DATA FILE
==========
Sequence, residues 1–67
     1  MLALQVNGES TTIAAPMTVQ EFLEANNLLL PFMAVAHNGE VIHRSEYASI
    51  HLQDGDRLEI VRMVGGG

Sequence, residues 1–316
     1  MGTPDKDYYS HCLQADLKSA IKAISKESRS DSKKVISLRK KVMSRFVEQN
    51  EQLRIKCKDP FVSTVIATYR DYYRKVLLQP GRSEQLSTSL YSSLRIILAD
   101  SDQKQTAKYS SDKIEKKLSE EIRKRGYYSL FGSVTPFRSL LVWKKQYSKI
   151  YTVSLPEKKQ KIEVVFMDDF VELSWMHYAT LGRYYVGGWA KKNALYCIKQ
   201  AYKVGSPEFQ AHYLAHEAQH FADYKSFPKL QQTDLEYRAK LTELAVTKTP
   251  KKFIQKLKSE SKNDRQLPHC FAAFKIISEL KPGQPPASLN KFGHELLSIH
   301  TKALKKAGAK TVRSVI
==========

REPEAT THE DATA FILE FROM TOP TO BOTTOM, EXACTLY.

Sequence, residues 1–67
     1  MLALQVNGES TTIAAPMTVQ EFLEANNLLL PFMAVAHNGE VIHRSEYASI
    51  HLQDGDRLEI VRMVGGG

Sequence, residues 1–316
     1  MGTPDKDYYS HCLQADLKSA IKAISKESRS DSKKVISLRK KVMSRFVEQN
    51  EQLRIKCKDP FVSTVIATYR DYYRKVLLQP GRSEQLSTSL YSSLRIILAD
   101  SDQKQTAKYS SDKIEKKLSE EIRKRGYYSL FGSVTPFRSL LVWKKQYSKI
   151  YTVSLPEKKQ KIEVVFMDDF VELSWMHYAT LGRYYVGGWA KKNALYCIKQ
   201  AYKVGSPEFQ AHYLAHEAQH FADYKSFPKL QQTDLEYRAK LTELAVTKTP
   251  KKFIQKLKSE SKNDRQLPHC FAAFKIISEL KPGQPPASLN KFGHELLSIH
   301  TKALKKAGAK TVRSVI